Peer Pressure & Physical Appearance

During late childhood and adolescence, interactions with peers play a pivotal role. Societal emphasis on physical appearance can lead young people who don't meet conventional beauty standards to believe they are unattractive or unlikeable. Teasing or ridicule from peers about their appearance, such as body weight or skin problems, can reinforce negative self-beliefs.

Bearing the Brunt of Family Stress

Families facing stressful situations may inadvertently shift their focus away from their children. In such circumstances, children may experience frustration, anger, anxiety, or negativity from their parents or caregivers. These experiences can contribute to lowered self-esteem.

The Social Perception of Your Family

Our family's standing in society also affects self-perception. If your family or social group is stigmatized, ostracized, or subjected to prejudice, it can influence your self-image.

A Lack of Positive Experiences

An absence of positive experiences can erode self-esteem. Whether due to a lack of attention, praise, warmth, or affection, such experiences can mold negative self-beliefs. Emotionally distant parents, physically unaffectionate caregivers, or a lack of emotional nourishment can shape self-perception.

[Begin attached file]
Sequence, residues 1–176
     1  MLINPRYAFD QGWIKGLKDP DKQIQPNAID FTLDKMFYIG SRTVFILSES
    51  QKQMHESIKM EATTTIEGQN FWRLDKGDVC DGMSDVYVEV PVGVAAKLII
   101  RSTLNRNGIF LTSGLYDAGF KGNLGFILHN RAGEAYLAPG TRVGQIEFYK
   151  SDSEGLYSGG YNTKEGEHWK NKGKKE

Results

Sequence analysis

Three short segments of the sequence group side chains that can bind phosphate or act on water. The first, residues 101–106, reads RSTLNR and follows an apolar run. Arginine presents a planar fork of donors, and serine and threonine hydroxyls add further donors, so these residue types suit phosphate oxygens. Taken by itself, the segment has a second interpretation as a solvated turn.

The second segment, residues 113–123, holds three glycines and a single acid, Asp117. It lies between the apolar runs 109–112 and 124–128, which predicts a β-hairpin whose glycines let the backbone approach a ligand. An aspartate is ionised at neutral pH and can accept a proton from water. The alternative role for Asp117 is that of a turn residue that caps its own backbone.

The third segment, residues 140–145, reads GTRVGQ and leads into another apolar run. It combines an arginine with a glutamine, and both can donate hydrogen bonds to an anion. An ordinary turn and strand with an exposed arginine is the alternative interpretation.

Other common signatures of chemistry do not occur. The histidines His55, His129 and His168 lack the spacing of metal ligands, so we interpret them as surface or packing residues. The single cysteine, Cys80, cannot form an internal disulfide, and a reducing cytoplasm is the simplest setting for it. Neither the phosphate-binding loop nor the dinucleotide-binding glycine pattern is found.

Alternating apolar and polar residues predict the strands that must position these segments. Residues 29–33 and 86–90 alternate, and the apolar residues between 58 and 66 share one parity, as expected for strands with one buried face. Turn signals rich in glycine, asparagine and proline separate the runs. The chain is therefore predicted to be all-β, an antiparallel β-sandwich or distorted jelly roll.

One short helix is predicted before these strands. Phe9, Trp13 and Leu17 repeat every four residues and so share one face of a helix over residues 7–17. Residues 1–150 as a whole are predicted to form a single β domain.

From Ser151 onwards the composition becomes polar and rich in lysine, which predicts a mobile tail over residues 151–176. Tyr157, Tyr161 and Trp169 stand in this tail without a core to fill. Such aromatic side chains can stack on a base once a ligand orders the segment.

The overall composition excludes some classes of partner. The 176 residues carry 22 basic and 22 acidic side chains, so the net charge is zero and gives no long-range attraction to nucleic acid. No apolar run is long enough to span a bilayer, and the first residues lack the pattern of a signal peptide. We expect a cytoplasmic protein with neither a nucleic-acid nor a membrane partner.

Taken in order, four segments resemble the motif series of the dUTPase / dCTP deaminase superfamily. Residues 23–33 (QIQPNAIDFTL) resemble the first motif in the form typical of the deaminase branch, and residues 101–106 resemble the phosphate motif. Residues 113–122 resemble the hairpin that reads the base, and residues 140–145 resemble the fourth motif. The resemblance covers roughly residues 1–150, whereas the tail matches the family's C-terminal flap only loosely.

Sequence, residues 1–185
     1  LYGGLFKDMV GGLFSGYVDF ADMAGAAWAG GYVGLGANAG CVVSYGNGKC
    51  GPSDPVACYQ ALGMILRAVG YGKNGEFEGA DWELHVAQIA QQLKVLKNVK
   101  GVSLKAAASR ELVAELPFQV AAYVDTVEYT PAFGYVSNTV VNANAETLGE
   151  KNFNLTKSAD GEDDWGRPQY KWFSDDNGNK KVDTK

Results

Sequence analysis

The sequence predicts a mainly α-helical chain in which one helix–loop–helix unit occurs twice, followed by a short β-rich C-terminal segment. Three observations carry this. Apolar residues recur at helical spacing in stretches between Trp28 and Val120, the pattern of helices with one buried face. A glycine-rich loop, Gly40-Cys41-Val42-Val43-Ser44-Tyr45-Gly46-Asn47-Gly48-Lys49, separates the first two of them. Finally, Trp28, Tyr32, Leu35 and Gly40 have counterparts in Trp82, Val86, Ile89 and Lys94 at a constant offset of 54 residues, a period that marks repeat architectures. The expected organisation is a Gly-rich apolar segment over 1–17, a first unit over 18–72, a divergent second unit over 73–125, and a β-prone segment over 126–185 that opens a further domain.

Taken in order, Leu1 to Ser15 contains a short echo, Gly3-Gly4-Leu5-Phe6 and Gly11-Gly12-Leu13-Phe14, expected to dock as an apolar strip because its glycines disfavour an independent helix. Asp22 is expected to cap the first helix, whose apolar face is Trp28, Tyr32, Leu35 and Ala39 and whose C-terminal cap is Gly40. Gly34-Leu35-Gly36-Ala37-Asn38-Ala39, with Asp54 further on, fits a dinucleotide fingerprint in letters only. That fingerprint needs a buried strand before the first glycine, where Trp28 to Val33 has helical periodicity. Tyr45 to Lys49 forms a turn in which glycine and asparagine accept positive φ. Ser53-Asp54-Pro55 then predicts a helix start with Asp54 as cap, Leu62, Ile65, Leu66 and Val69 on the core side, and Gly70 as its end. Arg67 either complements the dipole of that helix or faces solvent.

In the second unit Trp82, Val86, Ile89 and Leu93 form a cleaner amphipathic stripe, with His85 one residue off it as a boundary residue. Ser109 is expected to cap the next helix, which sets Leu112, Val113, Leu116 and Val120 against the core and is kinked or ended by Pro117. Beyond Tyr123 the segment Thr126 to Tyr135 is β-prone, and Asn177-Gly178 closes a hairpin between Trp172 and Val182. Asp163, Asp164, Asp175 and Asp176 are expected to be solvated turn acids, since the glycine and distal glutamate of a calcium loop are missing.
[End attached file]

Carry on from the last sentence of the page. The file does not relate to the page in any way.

The Weight of Trauma

Traumatic experiences, which are often shrouded in pain and distress, can have a profound impact on how we perceive ourselves. Whether stemming from accidents, abuse, violence, or loss, these events can leave deep emotional wounds, imprinting negative self-beliefs and hindering self-esteem. The weight of trauma can cast a long shadow on our path to self-acceptance and genuine connections with others.

It's crucial to understand that people react to experiences in diverse ways. While certain events, like trauma, might not greatly affect one person's self-esteem or emotional well-being, they can be profoundly distressing for someone else.

What truly matters is how these events have affected you personally. If you find yourself burdened by a profound sense of shame or struggle to open up when reflecting on specific life experiences, it's a good indication that there may be underlying emotional wounds requiring your attention.

Happiness is not the absence of pain or difficulties in life; rather, it is a state of well-being and contentment that comes when we develop the resilience and coping skills to navigate difficult experiences in effective and healthy ways. 

Research shows that people who face and address their emotional wounds, past traumas, and sources of shame tend to enjoy higher levels of happiness, as they develop a deeper understanding of themselves, stronger emotional connections, and greater self-acceptance.

This capacity to embrace both joy and suffering, and to live a life that openly embraces both the positive and difficult, is essential to finding genuine happiness in our lives.


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Lorraine Le is the Founder of Mental Health platform Inward Living, and CEO of The Kindness Dealer, a confidential and bespoke consultancy that specializes in in-depth sessions for people to gain a 'birds-eye view' of their struggles and the influences that have and continue to shape them. 

To get in touch or follow her advocacy and work, contact Lorraine through the WeChat ID: growwithlorraine or follow @growwithlorraine on Instagram, and @growwithlorraine on YouTube.

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[Cover image courtesy of Lorraine Lee]